Several absolute font-sizing keywords are available. The font size is determined from a browser preset and the element will not inherit its parent’s size.
Although most browsers support these keywords, the exact sizes will differ. They are a fairly crude method of font sizing and are generally avoided by most developers.
Two relative font-sizing keywords are available. The font is sized according to its parent element:
For example, if the parent has a font size of ‘medium’, a value of ‘larger’ will set the element to ‘large’. Other font units are normally altered by a factor of around 1.2 but, again, there is no standard and browser results will differ.
font-size property can be assigned an absolute length:
In general, there are issues with all these measurement units. Millimeters, centimeters and inches are inaccurate for a screen-based medium. Points and picas are unreliable since systems can use different dpi settings. Pixel appears to be the most suitable, but it can lead to accessibility issues because the text cannot be resized in IE.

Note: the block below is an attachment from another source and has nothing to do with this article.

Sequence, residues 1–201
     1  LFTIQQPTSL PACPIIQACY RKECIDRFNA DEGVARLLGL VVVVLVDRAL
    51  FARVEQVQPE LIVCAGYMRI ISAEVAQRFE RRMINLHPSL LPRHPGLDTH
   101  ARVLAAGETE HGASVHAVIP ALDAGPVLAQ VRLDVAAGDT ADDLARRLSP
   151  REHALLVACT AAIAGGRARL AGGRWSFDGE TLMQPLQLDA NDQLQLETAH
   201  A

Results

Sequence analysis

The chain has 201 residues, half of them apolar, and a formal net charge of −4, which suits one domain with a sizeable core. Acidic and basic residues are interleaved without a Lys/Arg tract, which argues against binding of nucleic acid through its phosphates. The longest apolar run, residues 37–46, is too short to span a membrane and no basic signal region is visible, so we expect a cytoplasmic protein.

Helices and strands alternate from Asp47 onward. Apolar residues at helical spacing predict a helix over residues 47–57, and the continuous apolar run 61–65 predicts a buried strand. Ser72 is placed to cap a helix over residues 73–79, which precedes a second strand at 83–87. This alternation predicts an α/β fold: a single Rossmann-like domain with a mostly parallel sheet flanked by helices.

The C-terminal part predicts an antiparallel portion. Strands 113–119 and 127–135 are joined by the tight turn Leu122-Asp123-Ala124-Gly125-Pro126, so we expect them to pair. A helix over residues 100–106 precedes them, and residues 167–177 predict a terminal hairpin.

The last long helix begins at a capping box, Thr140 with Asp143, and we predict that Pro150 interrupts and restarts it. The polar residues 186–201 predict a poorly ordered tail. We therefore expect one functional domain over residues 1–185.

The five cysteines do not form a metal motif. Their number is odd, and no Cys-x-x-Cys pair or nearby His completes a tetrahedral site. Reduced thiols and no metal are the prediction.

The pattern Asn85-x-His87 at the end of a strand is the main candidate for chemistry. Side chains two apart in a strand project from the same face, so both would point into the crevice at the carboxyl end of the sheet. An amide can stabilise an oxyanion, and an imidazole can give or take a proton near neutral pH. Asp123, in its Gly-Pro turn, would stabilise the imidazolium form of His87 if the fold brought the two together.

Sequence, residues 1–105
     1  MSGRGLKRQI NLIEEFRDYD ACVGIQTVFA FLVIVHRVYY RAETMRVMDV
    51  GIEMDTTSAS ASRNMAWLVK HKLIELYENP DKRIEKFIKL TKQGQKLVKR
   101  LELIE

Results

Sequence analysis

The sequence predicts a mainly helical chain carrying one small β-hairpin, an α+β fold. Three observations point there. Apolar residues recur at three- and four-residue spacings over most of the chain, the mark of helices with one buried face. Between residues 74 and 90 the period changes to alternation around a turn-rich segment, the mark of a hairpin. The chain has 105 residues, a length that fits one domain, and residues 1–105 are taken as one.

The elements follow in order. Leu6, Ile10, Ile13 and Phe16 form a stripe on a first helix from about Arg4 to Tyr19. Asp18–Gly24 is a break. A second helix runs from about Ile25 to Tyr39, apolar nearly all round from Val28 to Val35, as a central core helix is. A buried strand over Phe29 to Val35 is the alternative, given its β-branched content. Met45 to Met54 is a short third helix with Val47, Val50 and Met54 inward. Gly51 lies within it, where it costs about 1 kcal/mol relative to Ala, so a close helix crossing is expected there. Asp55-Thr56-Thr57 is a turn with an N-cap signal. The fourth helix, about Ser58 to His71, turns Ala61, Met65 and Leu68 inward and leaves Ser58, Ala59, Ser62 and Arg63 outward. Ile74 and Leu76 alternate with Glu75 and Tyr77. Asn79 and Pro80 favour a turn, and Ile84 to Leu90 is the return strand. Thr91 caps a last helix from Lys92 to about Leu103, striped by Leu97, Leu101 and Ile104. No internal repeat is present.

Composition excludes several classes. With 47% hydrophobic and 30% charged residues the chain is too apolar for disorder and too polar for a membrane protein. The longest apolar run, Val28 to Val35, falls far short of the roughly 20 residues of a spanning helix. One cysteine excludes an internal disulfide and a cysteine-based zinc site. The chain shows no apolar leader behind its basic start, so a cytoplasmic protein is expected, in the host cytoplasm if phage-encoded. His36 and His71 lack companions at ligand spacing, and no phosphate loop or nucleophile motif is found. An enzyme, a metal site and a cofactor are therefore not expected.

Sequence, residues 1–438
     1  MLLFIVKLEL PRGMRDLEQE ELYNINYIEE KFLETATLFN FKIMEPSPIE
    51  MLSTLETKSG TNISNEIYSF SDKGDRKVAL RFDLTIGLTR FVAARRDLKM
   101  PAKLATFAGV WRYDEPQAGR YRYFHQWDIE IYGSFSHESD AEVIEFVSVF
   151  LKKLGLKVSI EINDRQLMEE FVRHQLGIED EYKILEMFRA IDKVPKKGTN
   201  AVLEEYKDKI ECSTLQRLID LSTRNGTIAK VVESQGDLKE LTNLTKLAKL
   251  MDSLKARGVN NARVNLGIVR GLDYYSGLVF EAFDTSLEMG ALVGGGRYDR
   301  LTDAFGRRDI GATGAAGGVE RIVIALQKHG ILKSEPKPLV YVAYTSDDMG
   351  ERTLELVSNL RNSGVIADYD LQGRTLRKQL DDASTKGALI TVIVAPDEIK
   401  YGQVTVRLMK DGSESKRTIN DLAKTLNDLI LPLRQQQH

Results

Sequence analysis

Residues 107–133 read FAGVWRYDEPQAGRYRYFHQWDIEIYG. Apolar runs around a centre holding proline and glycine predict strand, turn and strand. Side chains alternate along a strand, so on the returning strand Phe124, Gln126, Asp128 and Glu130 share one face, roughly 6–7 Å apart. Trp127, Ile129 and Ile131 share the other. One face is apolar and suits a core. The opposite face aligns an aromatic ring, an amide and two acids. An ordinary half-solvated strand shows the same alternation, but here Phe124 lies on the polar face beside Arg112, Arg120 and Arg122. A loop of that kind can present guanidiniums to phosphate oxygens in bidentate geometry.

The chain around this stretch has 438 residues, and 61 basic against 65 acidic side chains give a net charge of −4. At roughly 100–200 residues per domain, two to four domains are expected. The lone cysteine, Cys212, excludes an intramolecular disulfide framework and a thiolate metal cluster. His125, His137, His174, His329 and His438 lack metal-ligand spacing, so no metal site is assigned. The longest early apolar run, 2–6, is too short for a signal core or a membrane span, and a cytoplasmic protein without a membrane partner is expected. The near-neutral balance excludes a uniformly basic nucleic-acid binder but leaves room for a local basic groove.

font-size property can be assigned a unit that it relative to its parent’s font size:
Few developers use ‘ex’, but it can be useful in some situations where you need fine-grained font sizes, e.g. 1ex rather than 0.525em.
Percentage and ‘em’ sizes are equivalent, e.g. 50% = 0.5em, 100% = 1em, 120% = 1.2em, etc. Some browsers exhibit subtle differences but it’s rarely a major problem. If you want to save every byte, you could choose the shortest definition, i.e. 50% is shorter than 0.5em and 1em is shorter than 100%.